Back to the example, let’s look a closer look at some of the methods used here to help you get a sense of what’s going on.


If you have an observable collection, xs:

IObservable<int> xs = …;

You can subscribe to this collection with an IObserver, or alternatively you can use a handler as we did in the Drag-and-Drop example. You can actually provide three different handlers to an IObservable<T> collection:

  • Action<T> valueHandler, which gets called when a new value is received on the collection.
  • Action<Exception> exceptionHandler, which gets called when an exception is caught during the iteration, if none is provided, then the original exception is simply re-thrown.
  • Action completionHandler, which gets called when the iteration is finished (when mouseUp is received in the example), by default this does nothing.

In the example, q was the IObservable collection of an anonymous type we created to hold the changes in the X and Y positions between adjacent mouseMove events between a mouseDown and mouseUp event. WPF stipulates that changes to elements must be made on the owning thread, and the way to ensure our handlers run on the owning thread is to first call the ObserveOnDispatcher extension method so observers are asynchronously notified using the current dispatcher.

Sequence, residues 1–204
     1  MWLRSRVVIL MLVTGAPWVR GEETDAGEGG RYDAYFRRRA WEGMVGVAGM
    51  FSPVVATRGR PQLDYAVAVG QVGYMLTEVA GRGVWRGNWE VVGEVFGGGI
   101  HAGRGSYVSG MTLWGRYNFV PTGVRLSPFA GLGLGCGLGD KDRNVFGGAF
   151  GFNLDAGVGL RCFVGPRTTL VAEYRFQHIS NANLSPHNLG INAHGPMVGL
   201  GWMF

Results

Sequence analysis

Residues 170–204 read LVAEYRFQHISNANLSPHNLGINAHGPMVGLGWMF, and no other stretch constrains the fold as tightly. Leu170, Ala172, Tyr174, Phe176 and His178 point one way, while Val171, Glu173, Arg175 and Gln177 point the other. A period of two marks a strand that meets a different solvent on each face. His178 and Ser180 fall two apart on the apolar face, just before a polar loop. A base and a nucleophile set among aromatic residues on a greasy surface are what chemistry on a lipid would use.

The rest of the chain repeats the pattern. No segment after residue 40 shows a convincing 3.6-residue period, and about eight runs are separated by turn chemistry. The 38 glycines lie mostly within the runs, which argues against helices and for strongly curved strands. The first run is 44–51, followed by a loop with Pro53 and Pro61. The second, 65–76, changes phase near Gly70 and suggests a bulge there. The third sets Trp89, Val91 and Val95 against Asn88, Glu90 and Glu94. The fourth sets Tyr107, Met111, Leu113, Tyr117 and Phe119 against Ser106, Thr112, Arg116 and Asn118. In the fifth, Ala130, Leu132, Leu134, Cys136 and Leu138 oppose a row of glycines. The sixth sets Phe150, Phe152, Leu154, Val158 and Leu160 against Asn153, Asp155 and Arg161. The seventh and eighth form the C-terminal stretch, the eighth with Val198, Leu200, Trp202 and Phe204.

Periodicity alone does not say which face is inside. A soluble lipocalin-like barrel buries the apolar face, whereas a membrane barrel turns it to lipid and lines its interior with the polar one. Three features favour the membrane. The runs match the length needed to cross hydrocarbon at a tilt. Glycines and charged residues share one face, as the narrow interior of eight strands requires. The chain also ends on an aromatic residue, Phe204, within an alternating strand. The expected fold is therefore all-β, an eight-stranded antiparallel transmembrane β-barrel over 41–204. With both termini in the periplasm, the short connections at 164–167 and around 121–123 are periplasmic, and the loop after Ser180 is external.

You should note that the Subscribe extension method actually returns an IDisposable. If you wish to unsubscribe from the observable collection, you need to call Dispose() on this IDisposable:

var s = q.ObserveOnDispatcher().Subscribe(value =>
                Canvas.SetLeft(image, Canvas.GetLeft(image) + value.X);
                Canvas.SetTop(image, Canvas.GetTop(image) + value.Y);
// to unsubscribe

And finally, in this video, Wes Dyer outlined the four phases of execution in subscription:

1. Build observable query

var xs = ys.Select(f);

2. Subscribe

var s = xs.Subscribe(h);